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The Easiest Way to Bath Your Dog

The Easiest Way to Bath Your Dog

Dogs love to get mucky. They jump in canals and puddles. They run through mud. And they roll in things we don’t even want to know about! And while they generally love water outside, most dogs absolutely loathe the bathtub. That leaves pet owners wondering how to give the dog a bath with minimal upset. These tips won’t make your dog love bath time, but they will make it easier for both of you. 

The easiest way to bath a dog is actually to give them a shower. This is easier still if you have a stand-alone shower and don’t have to use one in a bathtub. A hand-held shower nozzle is essential for washing your dog. Your dog will get cleaner with a shower because you’re able to rinse all the shampoo out. One key reason dogs hate baths so much is because tubs are slippery. You can make the experience much less scary for your dog by using a rubber mat to help them keep their footing.  

What You’ll Need to Wash Your Dog 

The best way to clean your dog is to make sure you have everything you need in easy reach before you get started. Here’s a list of the essentials.  

  • Dog shampoo.Human shampoo is harmful because it will dry out their skin, leaving it cracked, flaky and vulnerable to infections. It is more acidic than dog shampoo, and that breaks down the dog’s natural protection against fleas and ticks – their ‘acid mantle’. We have some favourites from Foran – check out Tender and Tearless or our Soothe and Sensitive for the more allergy prone pups out there.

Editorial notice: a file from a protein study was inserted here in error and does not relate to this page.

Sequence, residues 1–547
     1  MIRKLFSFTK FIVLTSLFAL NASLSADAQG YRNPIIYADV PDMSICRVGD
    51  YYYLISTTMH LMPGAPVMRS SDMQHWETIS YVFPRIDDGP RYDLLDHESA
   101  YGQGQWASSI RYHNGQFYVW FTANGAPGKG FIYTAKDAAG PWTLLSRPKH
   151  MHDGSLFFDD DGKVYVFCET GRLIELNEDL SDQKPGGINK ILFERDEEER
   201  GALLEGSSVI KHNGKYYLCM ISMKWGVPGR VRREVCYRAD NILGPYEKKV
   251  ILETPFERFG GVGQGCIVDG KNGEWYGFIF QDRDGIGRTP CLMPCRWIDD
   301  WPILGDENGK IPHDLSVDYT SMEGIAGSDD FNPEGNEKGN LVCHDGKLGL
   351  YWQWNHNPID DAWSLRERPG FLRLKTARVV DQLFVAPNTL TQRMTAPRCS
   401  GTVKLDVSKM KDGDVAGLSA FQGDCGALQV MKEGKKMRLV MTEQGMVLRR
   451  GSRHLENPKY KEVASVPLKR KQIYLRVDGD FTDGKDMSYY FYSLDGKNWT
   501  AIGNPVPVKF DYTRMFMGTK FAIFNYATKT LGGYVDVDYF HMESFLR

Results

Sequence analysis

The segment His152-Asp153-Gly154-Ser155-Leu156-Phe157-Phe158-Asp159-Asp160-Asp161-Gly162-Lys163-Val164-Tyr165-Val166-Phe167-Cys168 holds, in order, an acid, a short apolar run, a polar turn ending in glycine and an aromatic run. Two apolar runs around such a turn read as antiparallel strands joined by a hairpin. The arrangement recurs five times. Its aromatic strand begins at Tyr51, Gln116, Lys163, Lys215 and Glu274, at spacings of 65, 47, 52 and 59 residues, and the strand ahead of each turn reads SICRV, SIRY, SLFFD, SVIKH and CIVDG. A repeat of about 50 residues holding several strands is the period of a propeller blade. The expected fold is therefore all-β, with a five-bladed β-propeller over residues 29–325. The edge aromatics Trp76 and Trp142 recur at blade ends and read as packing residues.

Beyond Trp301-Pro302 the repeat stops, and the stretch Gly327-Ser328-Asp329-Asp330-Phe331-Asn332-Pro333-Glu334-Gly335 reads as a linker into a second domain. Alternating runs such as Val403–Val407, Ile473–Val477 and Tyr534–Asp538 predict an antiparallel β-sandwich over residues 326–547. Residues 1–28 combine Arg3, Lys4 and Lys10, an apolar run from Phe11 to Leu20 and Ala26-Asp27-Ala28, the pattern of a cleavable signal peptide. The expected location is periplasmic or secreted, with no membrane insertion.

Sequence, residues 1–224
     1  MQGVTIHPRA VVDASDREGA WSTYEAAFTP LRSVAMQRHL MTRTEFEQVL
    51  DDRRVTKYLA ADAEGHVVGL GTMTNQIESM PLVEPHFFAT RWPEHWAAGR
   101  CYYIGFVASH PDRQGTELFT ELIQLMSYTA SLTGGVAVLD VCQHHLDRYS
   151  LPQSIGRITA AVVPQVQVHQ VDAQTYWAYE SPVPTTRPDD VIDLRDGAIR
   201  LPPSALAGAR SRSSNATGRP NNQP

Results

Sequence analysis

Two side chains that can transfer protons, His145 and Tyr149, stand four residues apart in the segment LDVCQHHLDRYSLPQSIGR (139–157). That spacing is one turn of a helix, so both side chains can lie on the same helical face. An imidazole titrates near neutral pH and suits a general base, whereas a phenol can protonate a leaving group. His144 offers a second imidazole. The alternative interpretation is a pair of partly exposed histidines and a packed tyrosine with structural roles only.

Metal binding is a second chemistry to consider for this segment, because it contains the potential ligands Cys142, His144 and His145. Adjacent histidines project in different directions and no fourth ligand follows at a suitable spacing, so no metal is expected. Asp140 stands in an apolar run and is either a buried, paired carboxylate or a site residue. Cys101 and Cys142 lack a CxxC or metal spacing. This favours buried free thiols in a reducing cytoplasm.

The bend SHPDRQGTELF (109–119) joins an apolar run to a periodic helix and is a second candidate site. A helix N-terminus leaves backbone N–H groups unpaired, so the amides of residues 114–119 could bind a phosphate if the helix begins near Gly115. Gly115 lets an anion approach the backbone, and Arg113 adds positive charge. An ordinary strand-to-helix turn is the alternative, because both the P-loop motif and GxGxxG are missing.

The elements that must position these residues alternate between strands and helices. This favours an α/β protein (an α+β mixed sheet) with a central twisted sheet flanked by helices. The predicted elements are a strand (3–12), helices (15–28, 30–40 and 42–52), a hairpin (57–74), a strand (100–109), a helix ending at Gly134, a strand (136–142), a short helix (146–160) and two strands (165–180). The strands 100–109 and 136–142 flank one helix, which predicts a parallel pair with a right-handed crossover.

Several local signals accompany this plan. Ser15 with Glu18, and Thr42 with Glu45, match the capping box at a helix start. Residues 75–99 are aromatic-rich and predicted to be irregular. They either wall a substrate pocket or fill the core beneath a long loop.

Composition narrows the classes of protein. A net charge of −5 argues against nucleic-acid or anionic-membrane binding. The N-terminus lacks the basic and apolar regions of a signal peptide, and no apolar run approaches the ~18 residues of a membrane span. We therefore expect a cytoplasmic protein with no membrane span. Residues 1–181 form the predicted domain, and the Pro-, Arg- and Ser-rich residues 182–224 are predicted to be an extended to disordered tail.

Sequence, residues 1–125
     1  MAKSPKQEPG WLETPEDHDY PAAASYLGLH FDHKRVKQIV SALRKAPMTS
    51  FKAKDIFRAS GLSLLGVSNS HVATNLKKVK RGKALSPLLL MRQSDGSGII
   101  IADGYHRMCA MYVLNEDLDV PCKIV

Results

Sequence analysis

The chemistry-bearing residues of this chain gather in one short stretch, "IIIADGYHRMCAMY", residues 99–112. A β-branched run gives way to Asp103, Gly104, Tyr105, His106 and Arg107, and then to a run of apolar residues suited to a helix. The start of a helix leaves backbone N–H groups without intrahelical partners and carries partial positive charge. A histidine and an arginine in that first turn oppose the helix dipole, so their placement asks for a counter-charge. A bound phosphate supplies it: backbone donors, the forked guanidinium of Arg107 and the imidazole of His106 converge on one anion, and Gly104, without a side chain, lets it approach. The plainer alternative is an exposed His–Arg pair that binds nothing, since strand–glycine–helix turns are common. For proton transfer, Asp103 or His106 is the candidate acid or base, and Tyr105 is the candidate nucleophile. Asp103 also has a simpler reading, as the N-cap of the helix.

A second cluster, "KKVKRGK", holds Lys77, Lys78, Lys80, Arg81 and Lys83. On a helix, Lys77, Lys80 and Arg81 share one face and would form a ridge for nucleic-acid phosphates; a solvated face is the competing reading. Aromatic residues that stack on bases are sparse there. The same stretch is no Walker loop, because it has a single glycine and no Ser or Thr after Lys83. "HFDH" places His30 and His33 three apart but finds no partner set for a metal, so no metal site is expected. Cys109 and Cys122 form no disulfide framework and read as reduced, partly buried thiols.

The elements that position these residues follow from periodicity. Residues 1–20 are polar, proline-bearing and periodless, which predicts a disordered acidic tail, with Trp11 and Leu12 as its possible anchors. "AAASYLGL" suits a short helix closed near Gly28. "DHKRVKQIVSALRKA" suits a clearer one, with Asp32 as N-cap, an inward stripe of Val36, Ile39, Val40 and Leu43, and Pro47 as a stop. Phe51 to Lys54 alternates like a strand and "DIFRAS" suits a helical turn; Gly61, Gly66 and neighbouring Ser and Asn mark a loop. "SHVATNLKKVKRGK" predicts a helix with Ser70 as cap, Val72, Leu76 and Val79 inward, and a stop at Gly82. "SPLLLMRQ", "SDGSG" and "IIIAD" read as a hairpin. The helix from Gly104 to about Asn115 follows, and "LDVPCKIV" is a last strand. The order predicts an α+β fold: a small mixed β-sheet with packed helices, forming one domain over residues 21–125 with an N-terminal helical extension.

• Treats. This is an occasion for bribery and plenty of it! Use a low-calorie training treat to make this as rewarding as possible for your dog, like Leader treats, with fewer than 3 calories per treat. (And no, your dog will not find being cleaner rewarding. In fact, they will look to roll in something vile as soon as possible!)
  • Towel. As soon as a dog is out of the bath or shower, they’ll shake to dry themselves. But you can help the process and protect your house by patting – not rubbing – them dry. Some dogs will tolerate a hair dryer on the lowest heat setting.  
  • Rubber Bathmat – This will help your dog stay steady on their feet and not slip.  

It’s best to wear some old clothes and expect to get wet and messy yourself while washing your dog. If your dog is large and/ or likely to resist the bath, it might be a two-person job. 

Before Your Dog’s Bath (or Shower) 

Always brush your dog before getting their fur wet to ensure there are not mats. It helps to remove any loose hair too. Giving their nails a trim will help them avoid slipping. You can do this the day before. 

Once your dog is in the bath or shower, the job is simple. Wet their fur with lukewarm water. Shampoo them being careful not to get water into their eyes or ears. Start at the back of the head and work across their back. Don’t forget their belly and legs.  Rinse them thoroughly. It is generally easier to avoid their face in the bath and clean it separately by combing their fur and using a wet washcloth. And that is how to bath your dog! 

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